Egyptologists and biblical scholars have for nearly a century recognized that the close geographical proximity of Egypt and Israel/Canaan facilitated abundant cross-cultural exchange (including language and literature). In the words of one scholar, there was “close and intense relations between Egypt and Palestine through the millennia.”2 While the exact nature and extent of the Egypto-Levantine exchange remains debated, no serious scholar denies that such exchange did in fact occur:

  • Kenneth A. Kitchen, “Some Egyptian Background to the Old Testament,” Tyndale Bulletin 5-6 (April, 1960) 4-18.
  • Ronald J. Williams, “Some Egyptianisms in the Old Testament,” in Studies in Honor of John A. Wilson, ed. E. B. Hauser, Studies in Ancient Oriental Civilization 35 (Chicago, IL: The University of Chicago Press, 1969), 93–98.
  • Ronald J. Williams, “‘A People Come Out of Egypt’: An Egyptologist looks at the Old Testament,” in Congress Volume Edinburgh 1974 (Leiden: Brill, 1975), 231–252.
  • Boyo Ockinga, Die Gottebenbildlichkeit im alten Ägypten und im Alten Testament, Ägypten und Altes Testament 7 (Wiesbaden: Harrassowitz, 1984).
  • Donald B. Redford, Egypt, Canaan and Israel in Ancient Times (Princeton, NJ.: Princeton University Press, 1992).
  • James E. Hoch, Semitic Words in Egyptian Texts of the New Kingdom and Third Intermediate Period (Princeton, NJ.: Princeton University Press, 1994).
  • John D. Currid, Ancient Egypt and the Old Testament (Grand Rapids, Mich.: Baker Books, 1997).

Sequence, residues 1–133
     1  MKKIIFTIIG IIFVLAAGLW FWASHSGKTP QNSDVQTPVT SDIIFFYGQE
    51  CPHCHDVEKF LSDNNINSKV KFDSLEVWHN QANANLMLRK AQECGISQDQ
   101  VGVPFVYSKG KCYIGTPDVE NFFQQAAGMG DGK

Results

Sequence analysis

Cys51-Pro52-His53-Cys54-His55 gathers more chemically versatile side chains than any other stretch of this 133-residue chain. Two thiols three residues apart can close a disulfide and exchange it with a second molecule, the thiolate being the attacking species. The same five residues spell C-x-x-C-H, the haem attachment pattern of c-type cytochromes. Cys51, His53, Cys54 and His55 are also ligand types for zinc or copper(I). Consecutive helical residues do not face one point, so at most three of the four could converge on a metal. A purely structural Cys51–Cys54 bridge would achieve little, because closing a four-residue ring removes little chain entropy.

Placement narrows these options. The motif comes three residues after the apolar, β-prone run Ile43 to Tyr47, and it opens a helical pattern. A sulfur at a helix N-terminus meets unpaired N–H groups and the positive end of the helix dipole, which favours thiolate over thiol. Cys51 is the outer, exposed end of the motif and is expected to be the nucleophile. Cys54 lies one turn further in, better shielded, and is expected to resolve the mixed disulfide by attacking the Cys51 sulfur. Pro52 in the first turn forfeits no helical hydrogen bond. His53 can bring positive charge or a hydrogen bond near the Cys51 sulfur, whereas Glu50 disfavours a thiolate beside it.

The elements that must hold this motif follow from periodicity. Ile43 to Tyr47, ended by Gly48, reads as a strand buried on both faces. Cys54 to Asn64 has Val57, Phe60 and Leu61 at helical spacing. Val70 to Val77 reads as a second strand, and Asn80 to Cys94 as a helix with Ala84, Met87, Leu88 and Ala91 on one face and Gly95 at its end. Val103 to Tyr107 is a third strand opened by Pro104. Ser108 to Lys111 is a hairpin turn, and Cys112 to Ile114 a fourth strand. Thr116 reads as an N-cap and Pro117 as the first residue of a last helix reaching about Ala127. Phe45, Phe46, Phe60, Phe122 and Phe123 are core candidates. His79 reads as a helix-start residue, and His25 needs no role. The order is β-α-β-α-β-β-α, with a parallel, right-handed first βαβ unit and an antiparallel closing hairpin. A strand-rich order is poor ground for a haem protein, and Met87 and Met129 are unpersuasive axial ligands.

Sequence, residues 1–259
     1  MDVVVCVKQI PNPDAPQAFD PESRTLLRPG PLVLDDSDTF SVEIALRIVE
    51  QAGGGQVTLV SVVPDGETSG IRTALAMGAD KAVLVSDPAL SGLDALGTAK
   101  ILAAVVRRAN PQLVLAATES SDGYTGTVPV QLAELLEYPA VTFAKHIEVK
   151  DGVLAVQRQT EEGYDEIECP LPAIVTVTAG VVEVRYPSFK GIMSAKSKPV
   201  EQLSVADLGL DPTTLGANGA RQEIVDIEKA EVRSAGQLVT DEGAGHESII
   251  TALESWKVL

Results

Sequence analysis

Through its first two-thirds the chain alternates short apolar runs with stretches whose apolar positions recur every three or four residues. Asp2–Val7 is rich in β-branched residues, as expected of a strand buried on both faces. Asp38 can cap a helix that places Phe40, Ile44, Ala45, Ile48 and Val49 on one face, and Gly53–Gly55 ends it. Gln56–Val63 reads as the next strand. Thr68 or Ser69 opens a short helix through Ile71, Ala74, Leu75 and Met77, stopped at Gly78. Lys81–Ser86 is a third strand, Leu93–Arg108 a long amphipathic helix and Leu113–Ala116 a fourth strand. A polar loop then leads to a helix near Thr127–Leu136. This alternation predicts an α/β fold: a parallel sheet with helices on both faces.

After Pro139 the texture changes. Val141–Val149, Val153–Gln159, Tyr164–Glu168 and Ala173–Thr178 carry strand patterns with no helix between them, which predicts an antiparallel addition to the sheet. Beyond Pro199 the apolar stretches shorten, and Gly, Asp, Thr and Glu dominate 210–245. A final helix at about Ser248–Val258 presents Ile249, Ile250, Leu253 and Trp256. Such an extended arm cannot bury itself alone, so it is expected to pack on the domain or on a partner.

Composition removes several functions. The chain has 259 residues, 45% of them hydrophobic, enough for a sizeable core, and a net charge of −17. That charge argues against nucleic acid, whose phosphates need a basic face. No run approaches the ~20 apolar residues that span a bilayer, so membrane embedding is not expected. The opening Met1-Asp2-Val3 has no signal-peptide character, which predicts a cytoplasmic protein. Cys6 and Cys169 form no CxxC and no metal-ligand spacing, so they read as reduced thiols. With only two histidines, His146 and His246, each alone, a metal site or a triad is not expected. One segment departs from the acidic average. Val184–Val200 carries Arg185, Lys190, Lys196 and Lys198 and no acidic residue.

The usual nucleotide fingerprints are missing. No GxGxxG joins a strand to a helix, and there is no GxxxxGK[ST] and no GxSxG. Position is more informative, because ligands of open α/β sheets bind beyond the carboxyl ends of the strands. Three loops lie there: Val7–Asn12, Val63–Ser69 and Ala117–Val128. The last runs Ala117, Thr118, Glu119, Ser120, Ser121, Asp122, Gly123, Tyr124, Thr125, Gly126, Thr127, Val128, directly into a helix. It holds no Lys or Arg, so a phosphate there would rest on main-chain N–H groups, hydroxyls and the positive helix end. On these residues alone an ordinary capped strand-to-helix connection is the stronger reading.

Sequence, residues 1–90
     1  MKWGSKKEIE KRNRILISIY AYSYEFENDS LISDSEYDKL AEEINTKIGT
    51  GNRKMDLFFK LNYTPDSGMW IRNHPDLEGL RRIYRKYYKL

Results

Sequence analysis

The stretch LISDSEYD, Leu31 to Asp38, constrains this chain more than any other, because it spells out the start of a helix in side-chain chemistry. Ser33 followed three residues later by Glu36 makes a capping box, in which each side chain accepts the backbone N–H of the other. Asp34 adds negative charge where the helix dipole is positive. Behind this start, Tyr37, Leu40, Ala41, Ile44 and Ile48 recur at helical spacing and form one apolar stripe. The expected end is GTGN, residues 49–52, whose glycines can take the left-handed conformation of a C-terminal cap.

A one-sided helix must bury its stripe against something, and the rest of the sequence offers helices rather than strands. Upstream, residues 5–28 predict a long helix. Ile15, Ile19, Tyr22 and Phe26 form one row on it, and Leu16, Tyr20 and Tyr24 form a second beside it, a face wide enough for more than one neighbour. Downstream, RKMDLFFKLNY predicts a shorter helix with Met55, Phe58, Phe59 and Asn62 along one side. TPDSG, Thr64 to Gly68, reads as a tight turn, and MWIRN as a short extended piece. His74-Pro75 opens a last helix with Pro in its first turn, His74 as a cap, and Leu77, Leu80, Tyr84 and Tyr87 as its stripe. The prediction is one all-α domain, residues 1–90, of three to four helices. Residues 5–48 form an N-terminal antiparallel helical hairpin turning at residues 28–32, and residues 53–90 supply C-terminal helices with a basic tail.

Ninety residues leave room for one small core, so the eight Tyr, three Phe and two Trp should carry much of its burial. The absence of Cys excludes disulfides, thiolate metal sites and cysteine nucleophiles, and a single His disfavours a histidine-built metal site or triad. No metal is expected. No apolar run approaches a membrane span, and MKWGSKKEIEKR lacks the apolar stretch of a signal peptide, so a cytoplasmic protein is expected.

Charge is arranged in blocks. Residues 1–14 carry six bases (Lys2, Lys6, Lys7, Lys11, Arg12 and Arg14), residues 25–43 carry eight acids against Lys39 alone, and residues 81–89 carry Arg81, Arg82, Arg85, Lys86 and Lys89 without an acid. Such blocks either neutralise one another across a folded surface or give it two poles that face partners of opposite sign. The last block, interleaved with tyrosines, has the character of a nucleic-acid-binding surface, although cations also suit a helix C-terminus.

• Bernd Ulrich Schipper, Israel und Ägypten in der Königszeit: Die kulturellen Kontakte von Salomo bis zum Fall Jerusalems (Freiburg: Universitätsverlag Freiburg, 1999).
  • Gary N. Knoppers and Antoine Hirsch, eds., Egypt, Israel, and the Ancient Mediterranean World: Studies in Honor of Donald B. Redford (Leiden: Brill, 2004).
  • S. Bar, D. Kahn, and JJ Shirley, eds., Egypt, Canaan and Israel: History, Imperialism, Ideology and Literature (Leiden: Brill, 2011).
  • James K. Hoffmeier, “Egyptian Religious Influences on the Early Hebrews,” in “Did I Not Bring Israel Out of Egypt?” Biblical, Archaeological, and Egyptological Perspectives on the Exodus Narratives, ed. James K. Hoffmeier, Alan R. Millard, and Gary A. Rendsburg (Winona Lake, IN: Eisenbrauns, 2016), 3–35.
  • Izak Cornelius, “From Bes to Baal”: Religious Interconnections Between Egypt and the East, in Pharaoh’s Land and Beyond: Ancient Egypt and Its Neighbors, ed. Pearce Paul Creasman and Richard H. Wilkinson (New York, NY.: Oxford University Press, 2017), 209–217.

In particular, it is clear that Egyptian wisdom literature influenced Israelite compositions:

  • Adolf Erman, “Eine ägyptische Quelle der »Sprüche Salomos«,” Sitzungsberichte der preussischen Akademie der Wissenschaften 15 (1924): 86–93.
  • D. C. Simpson, “The Hebrew Book of Proverbs and the Teachings of Amenophis,” Journal of Egyptian Archaeology 12, no. 3/4 (Oct. 1926): 232–239.
  • Glendon E. Bryce, A Legacy of Wisdom: The Egyptian Contribution to the Wisdom of Israel (Lewisburg: Bucknell University, 1979).